That’s a lot to digest. I won’t go into the developer story today; you’ll see more of that in the months ahead. For the purposes of this post, I’ll only focus on client MOE. Client MOE is at the heart of every device connected to your mesh, be it your PC or Mac or mobile.
The goals for client MOE are simple. Here are some of them:
· To allow seamless access to a user’s mesh and all the data in it;
· To abstract away common functionality, like synchronization protocols;
· To allow existing applications to participate in a user’s mesh, by optionally leveraging the local file system;
· To provide a seamless online/offline experience (also known as “occasionally connected”) by synchronizing and caching metadata from the cloud;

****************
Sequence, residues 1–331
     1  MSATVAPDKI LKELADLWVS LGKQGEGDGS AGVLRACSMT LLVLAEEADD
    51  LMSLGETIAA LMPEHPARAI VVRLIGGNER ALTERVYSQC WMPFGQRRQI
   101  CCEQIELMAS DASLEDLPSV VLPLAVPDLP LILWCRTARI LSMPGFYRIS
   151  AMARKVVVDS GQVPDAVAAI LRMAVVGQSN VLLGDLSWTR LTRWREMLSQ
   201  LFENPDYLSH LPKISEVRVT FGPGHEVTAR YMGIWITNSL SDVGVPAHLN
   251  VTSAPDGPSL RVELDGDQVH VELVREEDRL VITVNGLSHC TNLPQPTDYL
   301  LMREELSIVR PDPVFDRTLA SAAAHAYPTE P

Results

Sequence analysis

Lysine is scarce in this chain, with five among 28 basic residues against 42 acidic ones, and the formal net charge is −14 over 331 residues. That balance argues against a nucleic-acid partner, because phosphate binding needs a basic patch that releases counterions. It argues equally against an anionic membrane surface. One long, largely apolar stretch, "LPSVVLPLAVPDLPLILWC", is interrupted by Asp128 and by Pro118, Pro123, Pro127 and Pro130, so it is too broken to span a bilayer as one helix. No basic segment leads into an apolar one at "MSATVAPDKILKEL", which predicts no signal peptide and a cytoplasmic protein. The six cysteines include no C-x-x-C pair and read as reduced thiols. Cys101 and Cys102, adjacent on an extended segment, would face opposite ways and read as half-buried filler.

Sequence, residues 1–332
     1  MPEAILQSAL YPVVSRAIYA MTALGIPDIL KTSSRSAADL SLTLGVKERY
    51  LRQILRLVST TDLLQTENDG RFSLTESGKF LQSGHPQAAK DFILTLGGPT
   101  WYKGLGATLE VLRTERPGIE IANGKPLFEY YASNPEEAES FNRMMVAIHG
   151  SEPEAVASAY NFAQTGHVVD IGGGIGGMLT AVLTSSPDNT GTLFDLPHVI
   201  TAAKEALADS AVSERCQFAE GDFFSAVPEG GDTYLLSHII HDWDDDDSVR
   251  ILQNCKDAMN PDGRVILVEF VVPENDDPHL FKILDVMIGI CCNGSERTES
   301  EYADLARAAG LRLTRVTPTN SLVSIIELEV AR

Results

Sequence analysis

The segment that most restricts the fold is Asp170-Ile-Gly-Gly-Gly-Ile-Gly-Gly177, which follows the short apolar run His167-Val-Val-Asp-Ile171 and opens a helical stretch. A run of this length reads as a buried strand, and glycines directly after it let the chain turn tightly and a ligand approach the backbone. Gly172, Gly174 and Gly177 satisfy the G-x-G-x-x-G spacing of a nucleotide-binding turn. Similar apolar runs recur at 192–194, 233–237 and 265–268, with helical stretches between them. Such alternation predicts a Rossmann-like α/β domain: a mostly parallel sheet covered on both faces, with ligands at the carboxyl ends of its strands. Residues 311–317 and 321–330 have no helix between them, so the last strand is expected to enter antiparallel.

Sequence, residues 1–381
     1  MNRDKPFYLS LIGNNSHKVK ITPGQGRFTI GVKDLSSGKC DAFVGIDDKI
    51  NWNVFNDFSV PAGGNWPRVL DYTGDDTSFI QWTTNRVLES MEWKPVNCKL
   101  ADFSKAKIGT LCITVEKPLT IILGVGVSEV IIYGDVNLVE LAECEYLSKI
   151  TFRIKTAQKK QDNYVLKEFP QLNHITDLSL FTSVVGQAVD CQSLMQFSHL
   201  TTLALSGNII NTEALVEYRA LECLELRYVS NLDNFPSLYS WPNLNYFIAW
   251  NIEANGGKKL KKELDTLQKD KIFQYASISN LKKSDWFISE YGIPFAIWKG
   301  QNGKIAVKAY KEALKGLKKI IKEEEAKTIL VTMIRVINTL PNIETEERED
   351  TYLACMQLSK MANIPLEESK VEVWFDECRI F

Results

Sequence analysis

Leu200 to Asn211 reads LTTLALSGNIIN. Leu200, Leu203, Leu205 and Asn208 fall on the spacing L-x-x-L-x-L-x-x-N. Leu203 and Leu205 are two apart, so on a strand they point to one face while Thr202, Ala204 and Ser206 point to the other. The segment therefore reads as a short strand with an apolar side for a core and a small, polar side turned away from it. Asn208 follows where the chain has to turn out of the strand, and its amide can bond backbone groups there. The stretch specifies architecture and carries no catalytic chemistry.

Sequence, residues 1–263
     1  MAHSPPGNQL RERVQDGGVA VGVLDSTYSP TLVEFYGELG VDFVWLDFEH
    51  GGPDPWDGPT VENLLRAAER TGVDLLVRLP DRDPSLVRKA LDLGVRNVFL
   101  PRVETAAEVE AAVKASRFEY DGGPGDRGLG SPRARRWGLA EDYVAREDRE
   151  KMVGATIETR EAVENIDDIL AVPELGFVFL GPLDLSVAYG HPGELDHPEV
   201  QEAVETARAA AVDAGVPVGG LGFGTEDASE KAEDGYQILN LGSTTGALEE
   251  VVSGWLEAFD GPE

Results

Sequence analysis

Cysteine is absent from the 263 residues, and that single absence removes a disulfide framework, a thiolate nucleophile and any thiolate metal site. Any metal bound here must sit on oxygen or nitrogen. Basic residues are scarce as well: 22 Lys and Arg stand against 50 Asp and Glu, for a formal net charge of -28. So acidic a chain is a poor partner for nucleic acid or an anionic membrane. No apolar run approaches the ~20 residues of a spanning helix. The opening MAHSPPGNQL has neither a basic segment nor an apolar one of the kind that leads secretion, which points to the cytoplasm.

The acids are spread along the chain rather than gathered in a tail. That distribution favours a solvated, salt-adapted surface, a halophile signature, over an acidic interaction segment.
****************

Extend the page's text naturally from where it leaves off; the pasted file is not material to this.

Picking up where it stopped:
· To update seamlessly, providing new features and fixes in the platform; and
· To use minimal system resources, running in the background all the time.
You’ll notice that the idea of “seamlessness” really runs through these tenets. Obviously, since what we just released is a “Tech Preview,” we have only just started towards achieving these goals today. Rest assured that we will get better!
Let me elaborate on a couple of these points.
Online vs. Offline
In today’s world, many applications just don’t work if they’re not connected to the Internet. It’s much easier to write programs that assume connectivity to a service, than not. But why should it be so hard? MOE abstracts all this behavior for you. It caches the metadata that’s in your mesh and automatically synchronizes it, so that talking to MOE is essentially like talking to the cloud. And talking to MOE will always work, regardless of whether or not you have Internet connectivity. MOE will do the heavy lifting for you by synchronizing changes you’ve made locally, whether you are online or offline, with your mesh (when you have internet connectivity).